Mini-brain model of idiopathic autism reveals underlying pathology of neuronal overgrowth The majority of cases of autism spectrum disorder (ASD) are unknown. Now researchers have created a “mini-brain” model, derived from persons with a particular form of idiopathic ASD characterized by over-sized brains, revealing a defective molecular pathway during brain development that results in early neuronal overgrowth and dysfunctional cortical networks.
Using wireless interface, operators control multiple drones by thinking of various tasks A researcher has discovered how to control multiple robotic drones using the human brain. A controller wears a skull cap outfitted with 128 electrodes wired to a computer. The device records electrical brain activity. If the controller moves a hand or thinks of something, certain areas light up. A wireless system sends the thought to the robots.
Try These 3 Little Rituals to Combat Bigtime Stress These are SO easy there’s no reason NOT to try them. Stress is powerful — manage it or it manages you, right? How many times has stress overtaken you, depleting your energy and stealing your happiness? Suddenly your days blur together in a sea of … ...
Shocking new role found for the immune system: Controlling social interaction The immune system affects -- and even controls -- social behavior, a new study has found. Researchers discovered that blocking a single type of immune molecule made mouse brains go hyperactive and caused abnormal behavior; restoring it fixed both. The discovery could have enormous implications for neurological conditions such as autism and schizophrenia.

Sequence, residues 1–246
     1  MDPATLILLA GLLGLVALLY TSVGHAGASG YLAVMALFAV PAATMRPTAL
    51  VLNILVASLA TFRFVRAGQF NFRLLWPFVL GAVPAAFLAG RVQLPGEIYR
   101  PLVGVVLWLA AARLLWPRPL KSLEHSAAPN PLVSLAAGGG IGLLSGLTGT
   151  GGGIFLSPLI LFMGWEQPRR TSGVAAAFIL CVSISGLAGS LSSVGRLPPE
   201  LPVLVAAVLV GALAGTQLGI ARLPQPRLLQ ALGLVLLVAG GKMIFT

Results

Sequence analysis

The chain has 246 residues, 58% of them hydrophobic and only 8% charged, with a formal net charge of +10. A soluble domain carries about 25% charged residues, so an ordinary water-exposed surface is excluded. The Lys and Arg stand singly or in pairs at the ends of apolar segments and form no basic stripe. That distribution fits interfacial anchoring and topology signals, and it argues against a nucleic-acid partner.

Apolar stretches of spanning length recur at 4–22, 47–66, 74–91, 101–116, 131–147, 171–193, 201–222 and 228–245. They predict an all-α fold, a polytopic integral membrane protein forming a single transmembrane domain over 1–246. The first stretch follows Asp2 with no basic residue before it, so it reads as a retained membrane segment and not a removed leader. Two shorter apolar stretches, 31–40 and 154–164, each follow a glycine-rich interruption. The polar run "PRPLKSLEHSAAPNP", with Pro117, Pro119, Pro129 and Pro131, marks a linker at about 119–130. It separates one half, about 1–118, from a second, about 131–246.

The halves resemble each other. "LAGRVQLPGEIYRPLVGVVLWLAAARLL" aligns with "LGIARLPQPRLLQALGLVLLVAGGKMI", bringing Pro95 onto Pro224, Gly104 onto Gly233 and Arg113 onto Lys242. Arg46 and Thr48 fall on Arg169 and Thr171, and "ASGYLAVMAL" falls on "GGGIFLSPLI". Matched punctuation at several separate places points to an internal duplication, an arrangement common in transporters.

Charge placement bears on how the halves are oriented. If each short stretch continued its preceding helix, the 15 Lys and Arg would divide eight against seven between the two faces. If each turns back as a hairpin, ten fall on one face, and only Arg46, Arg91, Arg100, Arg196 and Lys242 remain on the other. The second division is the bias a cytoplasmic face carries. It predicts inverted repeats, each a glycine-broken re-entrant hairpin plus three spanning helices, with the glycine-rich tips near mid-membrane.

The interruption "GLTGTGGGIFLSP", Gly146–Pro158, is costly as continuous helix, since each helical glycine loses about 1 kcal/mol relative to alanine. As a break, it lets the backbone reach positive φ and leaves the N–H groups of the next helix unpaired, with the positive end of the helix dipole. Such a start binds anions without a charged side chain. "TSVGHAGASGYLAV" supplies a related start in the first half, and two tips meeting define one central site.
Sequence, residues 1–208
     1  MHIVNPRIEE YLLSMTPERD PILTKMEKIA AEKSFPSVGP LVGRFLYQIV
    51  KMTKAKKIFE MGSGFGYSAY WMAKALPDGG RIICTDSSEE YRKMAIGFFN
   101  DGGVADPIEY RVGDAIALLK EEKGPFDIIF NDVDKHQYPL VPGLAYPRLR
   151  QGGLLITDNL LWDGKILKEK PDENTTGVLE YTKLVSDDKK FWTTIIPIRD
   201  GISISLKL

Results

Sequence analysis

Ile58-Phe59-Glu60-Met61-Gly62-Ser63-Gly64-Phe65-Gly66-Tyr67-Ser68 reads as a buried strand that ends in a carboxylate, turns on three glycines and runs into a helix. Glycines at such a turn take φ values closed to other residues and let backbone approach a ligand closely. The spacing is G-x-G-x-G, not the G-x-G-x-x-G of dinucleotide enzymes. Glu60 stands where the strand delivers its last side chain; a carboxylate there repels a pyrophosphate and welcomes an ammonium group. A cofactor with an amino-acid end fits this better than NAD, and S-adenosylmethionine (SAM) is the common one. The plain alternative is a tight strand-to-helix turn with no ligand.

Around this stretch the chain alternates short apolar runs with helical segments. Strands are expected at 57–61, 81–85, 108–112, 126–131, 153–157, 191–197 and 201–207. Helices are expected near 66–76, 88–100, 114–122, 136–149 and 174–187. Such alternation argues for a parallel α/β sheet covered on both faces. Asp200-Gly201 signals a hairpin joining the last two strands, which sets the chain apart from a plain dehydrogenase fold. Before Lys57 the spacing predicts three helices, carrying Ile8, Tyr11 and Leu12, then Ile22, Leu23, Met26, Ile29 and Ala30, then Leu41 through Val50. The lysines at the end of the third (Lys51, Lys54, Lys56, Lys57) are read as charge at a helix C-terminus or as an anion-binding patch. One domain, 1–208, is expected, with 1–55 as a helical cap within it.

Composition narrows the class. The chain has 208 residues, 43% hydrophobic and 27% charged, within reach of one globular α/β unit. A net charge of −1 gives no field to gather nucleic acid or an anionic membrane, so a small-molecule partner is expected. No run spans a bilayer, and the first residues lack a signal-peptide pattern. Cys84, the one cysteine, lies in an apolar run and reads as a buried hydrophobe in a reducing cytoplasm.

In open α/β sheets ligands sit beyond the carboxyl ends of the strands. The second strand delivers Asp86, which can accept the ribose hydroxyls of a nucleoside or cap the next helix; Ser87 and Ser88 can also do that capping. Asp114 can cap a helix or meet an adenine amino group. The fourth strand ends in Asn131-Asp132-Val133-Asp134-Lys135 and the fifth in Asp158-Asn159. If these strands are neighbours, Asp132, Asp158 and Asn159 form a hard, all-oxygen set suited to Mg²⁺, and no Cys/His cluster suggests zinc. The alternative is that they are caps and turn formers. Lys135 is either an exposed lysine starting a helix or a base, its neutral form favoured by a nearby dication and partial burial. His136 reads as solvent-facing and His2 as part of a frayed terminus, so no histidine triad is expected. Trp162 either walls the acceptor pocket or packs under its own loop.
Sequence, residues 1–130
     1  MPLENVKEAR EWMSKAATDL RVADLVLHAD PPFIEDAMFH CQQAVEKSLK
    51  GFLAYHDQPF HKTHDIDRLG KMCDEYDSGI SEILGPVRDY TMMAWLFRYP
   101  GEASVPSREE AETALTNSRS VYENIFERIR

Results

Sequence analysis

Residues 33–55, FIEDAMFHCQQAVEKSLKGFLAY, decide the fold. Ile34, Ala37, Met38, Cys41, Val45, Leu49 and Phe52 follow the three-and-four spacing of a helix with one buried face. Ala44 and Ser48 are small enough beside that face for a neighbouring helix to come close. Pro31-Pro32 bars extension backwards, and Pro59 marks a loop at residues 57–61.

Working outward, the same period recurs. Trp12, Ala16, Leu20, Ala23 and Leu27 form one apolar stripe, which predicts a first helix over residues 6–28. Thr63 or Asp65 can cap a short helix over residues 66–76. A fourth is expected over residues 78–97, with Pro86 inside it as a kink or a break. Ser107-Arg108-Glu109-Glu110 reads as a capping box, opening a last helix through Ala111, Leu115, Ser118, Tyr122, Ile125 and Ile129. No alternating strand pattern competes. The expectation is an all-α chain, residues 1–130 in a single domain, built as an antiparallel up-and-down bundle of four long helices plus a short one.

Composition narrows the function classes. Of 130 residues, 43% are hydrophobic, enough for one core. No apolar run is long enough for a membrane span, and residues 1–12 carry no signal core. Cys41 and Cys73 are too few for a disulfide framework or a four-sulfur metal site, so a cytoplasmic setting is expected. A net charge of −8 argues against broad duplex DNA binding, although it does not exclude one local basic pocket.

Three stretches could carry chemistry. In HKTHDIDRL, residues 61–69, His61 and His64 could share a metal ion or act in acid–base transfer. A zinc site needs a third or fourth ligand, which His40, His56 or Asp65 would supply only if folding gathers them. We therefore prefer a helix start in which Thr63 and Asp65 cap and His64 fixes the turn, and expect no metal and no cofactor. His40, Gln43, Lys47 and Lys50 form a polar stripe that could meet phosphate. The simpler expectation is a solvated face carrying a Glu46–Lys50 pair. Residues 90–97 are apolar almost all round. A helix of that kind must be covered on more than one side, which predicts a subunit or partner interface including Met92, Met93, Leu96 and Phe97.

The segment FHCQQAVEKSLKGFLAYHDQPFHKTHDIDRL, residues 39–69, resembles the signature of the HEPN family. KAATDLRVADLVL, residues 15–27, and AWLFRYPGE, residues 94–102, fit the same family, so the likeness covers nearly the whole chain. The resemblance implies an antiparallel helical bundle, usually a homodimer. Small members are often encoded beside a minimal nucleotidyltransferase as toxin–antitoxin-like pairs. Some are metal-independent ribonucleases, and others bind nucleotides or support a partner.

The Best Lifestyle Change To Prevent Cognitive Decline It takes 20-30 years for the brain changes leading to Alzheimer's to occur. > Use code "10OFF" for 10% off PsyBlog's latest ebook: "Spark: 17 Steps That Will Boost Your Motivation For Anything" **
Freeing Yourself from Emotional Abuse What with July 4th so recently behind us, I’ve been thinking a lot about what freedom means. From a therapeutic perspective, it involves personal agency–to have the space to figure … ...
Crying for Attention: Dealing with the Unavailable Mom While it’s possible to generalize about how a toxic mother affects a daughter’s development—such as issues of setting boundaries, being insecurely attached, problems with trust—nonetheless, there are also important differences … ...
The Common Spice That Boosts Learning Ability One cause of low learning ability is an imbalance of proteins in the hippocampus that can be corrected. > Use code "10OFF" for 10% off PsyBlog's latest ebook: "Spark: 17 Steps That Will Boost Your Motivation For Anything" **
Guns Really Are the Cause of Shootings Contrary to a well-worn slogan, it really is guns that shoot people. This principle is shockingly revealed by comparisons of police shootings between the US and other countries.
How To Fight These Six Food Cravings An irresistible sweet treat or savoury snacking after a stressful day might be the body’s way of telling us something. > Use code "10OFF" for 10% off PsyBlog's latest ebook: "Spark: 17 Steps That Will Boost Your Motivation For Anything" **
Drug-use may hamper moral judgment Regular cocaine and methamphetamine users can have difficulty choosing between right and wrong, perhaps because the specific parts of their brains used for moral processing and evaluating emotions are damaged by their prolonged drug habits, according to a study among prison inmates.
In Praise Of Stress At work and beyond, without stress, without those signature moments that punctuate our comfort-seeking daily lives, we would be without leaps and peaks.